Serum amyloid A inhibits dendritic cell apoptosis to induce glucocorticoid resistance in CD4(+) T cells.

Cell death & disease

PubMedID: 24008730

Ather JL, Fortner KA, Budd RC, Anathy V, Poynter ME. Serum amyloid A inhibits dendritic cell apoptosis to induce glucocorticoid resistance in CD4(+) T cells. Cell Death Dis. 2013;4e786.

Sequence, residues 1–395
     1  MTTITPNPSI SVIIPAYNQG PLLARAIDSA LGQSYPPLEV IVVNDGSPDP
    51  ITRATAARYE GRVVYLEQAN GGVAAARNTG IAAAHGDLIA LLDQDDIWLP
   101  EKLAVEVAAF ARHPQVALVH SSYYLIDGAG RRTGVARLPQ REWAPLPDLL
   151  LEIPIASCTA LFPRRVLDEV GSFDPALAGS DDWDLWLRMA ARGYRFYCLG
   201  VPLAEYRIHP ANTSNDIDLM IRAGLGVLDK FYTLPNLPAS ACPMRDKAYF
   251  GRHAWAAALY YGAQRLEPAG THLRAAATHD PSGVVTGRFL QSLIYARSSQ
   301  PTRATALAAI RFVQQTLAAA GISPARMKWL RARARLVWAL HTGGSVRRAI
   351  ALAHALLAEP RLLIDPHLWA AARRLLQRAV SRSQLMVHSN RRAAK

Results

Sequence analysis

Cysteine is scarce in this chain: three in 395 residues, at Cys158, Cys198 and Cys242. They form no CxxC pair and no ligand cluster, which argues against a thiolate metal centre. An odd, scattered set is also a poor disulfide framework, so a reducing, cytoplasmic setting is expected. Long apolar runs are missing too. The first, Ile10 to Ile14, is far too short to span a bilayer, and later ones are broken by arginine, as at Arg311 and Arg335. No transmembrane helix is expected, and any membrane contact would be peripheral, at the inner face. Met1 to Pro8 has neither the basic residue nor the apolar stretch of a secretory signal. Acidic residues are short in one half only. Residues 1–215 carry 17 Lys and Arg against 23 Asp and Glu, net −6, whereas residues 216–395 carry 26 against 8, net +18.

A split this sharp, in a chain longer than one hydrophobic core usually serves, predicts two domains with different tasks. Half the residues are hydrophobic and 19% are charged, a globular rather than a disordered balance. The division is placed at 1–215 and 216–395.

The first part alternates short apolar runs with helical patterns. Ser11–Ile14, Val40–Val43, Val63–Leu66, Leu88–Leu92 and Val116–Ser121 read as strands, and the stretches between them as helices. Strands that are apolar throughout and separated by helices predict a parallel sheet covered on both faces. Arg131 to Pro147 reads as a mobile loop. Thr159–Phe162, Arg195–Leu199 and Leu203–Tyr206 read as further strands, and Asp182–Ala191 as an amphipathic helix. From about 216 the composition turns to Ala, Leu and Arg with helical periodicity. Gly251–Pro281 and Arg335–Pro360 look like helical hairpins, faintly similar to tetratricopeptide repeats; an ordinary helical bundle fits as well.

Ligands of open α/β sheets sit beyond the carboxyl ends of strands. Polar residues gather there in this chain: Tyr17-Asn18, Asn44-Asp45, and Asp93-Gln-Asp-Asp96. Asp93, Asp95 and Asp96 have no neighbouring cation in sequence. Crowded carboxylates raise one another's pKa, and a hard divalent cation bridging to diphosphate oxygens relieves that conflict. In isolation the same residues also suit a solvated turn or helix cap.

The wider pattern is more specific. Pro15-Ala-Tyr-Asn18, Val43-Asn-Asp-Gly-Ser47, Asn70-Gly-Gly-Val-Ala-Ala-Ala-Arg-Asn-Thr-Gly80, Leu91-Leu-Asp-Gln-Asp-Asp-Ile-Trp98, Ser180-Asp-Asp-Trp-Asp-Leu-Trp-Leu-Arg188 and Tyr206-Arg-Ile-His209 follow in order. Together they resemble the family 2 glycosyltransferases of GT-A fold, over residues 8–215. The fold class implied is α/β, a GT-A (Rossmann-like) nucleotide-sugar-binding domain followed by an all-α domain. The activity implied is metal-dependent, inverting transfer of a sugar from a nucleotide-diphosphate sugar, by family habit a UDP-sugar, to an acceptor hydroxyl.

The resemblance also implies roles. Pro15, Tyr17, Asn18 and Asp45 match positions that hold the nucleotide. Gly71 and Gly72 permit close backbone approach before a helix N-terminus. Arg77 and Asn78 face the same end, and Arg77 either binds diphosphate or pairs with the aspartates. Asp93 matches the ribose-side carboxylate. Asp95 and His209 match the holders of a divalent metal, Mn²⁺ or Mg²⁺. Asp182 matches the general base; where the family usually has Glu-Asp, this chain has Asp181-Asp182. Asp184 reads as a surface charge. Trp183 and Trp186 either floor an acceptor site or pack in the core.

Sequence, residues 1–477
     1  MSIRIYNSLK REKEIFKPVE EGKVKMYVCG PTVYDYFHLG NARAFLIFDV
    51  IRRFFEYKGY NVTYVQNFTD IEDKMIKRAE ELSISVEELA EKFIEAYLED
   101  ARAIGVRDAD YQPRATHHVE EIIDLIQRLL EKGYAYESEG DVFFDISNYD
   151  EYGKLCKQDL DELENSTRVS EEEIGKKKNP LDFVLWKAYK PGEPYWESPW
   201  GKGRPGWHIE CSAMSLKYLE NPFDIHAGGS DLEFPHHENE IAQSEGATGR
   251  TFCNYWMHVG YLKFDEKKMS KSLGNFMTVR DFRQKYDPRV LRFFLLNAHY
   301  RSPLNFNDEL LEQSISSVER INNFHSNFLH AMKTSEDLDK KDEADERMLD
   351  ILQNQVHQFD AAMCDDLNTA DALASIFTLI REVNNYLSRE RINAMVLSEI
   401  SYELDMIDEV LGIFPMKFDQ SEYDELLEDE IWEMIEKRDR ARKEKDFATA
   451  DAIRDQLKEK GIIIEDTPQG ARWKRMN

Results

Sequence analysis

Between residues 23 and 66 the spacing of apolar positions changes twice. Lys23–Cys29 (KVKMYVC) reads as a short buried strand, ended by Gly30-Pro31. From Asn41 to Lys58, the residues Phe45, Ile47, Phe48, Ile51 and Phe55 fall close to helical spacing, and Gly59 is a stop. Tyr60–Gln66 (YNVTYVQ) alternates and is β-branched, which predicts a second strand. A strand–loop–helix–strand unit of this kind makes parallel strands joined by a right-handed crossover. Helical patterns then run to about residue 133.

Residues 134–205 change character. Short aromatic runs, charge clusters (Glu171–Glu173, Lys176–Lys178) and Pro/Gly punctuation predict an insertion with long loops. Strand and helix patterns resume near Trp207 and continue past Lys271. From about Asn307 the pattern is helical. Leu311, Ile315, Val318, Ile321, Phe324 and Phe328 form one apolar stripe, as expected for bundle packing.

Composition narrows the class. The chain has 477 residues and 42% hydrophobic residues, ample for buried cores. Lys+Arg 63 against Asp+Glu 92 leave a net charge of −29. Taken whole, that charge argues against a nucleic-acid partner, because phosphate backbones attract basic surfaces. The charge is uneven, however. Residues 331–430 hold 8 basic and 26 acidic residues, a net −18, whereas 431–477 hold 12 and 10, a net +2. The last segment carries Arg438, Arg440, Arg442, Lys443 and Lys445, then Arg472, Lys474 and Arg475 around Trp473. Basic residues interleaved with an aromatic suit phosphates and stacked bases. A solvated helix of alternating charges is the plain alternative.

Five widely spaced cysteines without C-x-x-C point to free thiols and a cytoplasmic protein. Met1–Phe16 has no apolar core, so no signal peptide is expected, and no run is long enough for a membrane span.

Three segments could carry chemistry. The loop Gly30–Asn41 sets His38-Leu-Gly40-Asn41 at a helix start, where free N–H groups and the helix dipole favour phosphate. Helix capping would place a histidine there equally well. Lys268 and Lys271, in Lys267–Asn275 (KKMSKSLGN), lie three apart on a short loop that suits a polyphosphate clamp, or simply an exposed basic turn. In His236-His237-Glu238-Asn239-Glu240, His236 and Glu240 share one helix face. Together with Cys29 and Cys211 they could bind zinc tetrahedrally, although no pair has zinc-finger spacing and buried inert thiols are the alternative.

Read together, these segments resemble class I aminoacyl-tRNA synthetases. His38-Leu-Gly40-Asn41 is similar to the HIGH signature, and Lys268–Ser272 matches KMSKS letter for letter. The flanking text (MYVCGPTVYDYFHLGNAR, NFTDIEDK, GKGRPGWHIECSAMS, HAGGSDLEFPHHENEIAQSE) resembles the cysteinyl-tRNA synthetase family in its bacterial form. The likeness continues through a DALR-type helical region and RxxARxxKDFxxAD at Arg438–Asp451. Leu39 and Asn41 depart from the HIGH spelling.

Mediators produced by the airway epithelium control the activation, recruitment, and survival of pulmonary dendritic cells (DC) that present antigen to CD4(+) T cells during the genesis and exacerbation of allergic asthma. The epithelial-derived acute phase protein, serum amyloid A (SAA), induces DC maturation and TH17 polarization. TH17 responses are associated with severe forms of allergic asthma that are poorly controlled by corticosteroids. We sought to determine whether SAA would enhance the survival of DC during serum starvation and could then contribute to the development of a glucocorticoid-resistant phenotype in CD4(+) T cells. Bone marrow-derived dendritic cells (BMDC) that were serum starved in the presence of SAA were protected from activation of caspase-3 and released less lactate dehydrogenase. In comparison with untreated serum-starved BMDC, treatment with SAA downregulated mRNA expression of the pro-apoptotic molecule Bim, increased production of the pro-survival heat shock protein 70 (HSP70), and induced secretion of pro-inflammatory cytokines. SAA-treated BMDC that were serum starved for 48?h remained capable of presenting antigen and induced OTII CD4(+) T cells to secrete IL-17A, IL-17F, IL-21, IL-22, and IFN? in the presence of ovalbumin. IL-17A, IL-17F, IL-21, and IFN? production occurred even when the CD4(+) T cells were treated with dexamethasone (Dex), whereas glucocorticoid treatment abolished cytokine secretion by T cells cocultured with untreated serum-starved BMDC. Measurement of Dex-responsive gene expression demonstrated CD4(+) T cells as the target of glucocorticoid hyperresponsiveness manifest as a consequence of BMDC stimulation by SAA. Finally, allergic airway disease induced by SAA and antigen inhalation was unresponsive to Dex treatment. Our results indicate that apo-SAA affects DC to both prolong their viability and increase their inflammatory potential under apoptosis-inducing conditions. These findings reveal mechanisms through which SAA enhances the CD4(+) T-cell-stimulating capacity of antigen-presenting cells that may actively participate in the pathogenicity of glucocorticoid-resistant lung disease.